Mental Blinders from Working Within Systems

by abramdemski3 min read10th Dec 202020 comments

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RationalityWorld Optimization
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In make an extraordinary effort (and in other posts), Eliezer talks about how uncommon goals require uncommon means. He also notes that people seem incredibly unwilling to consider these unusual routes:

Even so, I think that we could do with more appreciation of the virtue "make an extraordinary effort".  I've lost count of how many people have said to me something like:  "It's futile to work on Friendly AI, because the first AIs will be built by powerful corporations and they will only care about maximizing profits."  "It's futile to work on Friendly AI, the first AIs will be built by the military as weapons."  And I'm standing there thinking:  Does it even occur to them that this might be a time to try for something other than the default outcome?  They and I have different basic assumptions about how this whole AI thing works, to be sure; but if I believed what they believed, I wouldn't be shrugging and going on my way.

I once talked to someone from China, who said that starting an organization like MIRI would be inconceivable there, because of the immense pressure to achieve traditional success. It's possible (this person continued) to start a charity, or to become a researcher, or to do other things which on the surface appear to be going after something other than money/status/power. But in some very solid way, these are just different ways to go about getting money/status/power (in a way that's not true in the West). If everyone around you is so hooked into the system, it's hard to really have thoughts that go in any other direction. Your peers and your parents will be on your case to justify your career moves.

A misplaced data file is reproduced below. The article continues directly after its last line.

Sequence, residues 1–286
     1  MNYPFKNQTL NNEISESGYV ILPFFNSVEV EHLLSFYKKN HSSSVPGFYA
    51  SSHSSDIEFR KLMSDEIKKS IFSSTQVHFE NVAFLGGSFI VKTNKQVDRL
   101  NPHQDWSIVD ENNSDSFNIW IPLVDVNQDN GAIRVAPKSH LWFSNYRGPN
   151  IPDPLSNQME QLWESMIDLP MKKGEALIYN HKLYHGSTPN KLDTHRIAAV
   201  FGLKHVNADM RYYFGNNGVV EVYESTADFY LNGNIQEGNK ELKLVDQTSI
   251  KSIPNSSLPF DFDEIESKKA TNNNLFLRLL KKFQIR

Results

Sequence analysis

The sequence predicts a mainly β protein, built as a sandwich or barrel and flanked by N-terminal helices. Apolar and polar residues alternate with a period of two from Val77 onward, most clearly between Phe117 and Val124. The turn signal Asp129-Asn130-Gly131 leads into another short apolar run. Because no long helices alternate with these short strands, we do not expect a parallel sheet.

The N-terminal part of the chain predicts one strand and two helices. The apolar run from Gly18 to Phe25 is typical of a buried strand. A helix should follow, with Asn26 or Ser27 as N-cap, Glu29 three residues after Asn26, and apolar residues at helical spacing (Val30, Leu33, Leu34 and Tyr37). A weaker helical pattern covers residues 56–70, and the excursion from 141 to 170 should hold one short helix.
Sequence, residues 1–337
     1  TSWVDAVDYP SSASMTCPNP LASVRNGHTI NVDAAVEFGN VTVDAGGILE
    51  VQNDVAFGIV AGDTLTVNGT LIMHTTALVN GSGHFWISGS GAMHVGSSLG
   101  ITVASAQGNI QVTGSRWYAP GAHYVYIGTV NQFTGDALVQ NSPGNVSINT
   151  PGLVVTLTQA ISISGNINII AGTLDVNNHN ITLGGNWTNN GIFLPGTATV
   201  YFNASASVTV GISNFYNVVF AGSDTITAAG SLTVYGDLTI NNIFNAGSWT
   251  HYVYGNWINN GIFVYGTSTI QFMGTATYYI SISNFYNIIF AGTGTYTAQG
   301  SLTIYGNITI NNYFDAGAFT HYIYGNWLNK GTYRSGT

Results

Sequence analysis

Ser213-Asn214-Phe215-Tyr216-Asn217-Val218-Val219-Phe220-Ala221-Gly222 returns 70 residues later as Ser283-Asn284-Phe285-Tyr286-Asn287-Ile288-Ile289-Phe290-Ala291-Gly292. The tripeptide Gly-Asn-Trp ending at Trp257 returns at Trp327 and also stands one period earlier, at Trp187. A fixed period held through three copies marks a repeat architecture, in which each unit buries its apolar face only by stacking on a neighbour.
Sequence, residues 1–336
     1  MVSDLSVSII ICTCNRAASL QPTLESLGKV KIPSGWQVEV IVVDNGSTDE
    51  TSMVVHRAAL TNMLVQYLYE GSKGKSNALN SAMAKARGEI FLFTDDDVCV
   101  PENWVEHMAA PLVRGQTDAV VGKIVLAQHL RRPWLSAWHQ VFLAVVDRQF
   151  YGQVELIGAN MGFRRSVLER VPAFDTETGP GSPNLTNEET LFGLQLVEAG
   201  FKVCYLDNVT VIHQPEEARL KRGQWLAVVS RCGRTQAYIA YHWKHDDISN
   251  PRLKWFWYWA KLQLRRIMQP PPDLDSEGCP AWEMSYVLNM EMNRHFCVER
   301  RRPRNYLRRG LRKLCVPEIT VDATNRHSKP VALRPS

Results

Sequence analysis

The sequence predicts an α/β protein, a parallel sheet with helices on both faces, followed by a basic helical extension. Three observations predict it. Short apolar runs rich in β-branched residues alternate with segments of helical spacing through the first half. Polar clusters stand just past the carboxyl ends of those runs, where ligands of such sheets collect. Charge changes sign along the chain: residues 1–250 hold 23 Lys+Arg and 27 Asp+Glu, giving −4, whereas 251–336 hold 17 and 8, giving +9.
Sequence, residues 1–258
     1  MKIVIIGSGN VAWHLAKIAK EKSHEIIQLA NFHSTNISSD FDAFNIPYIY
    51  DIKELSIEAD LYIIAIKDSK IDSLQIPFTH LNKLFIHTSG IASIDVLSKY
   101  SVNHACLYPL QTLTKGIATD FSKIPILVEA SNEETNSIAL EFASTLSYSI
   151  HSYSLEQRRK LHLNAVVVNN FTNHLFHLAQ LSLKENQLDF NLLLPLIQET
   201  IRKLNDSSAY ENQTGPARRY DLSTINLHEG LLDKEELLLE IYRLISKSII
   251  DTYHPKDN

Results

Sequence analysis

I note that starting an organization like MIRI seems pretty inconceivable in America, too, and really what it takes is for a committed group of people to make an effort. But I think the point stands -- there's probably a degree of difference between America and China in this respect. For one thing, America has a start-up culture which is not present in a lot of other places. And from what I've heard, Chinese parents exert a lot more pressure on their children's life choices (career, spouse, etc) than American parents, which would have the claimed effect.

This reminds me of a quote from Zvi's summary of Moral Mazes:

[T]his is the result of a vicious cycle arising from competitive pressures among those competing for their own organizational advancement. Over time, those who focus more on and more value such competitions win them, gain power and further spread their values, unless they are actively and continuously opposed.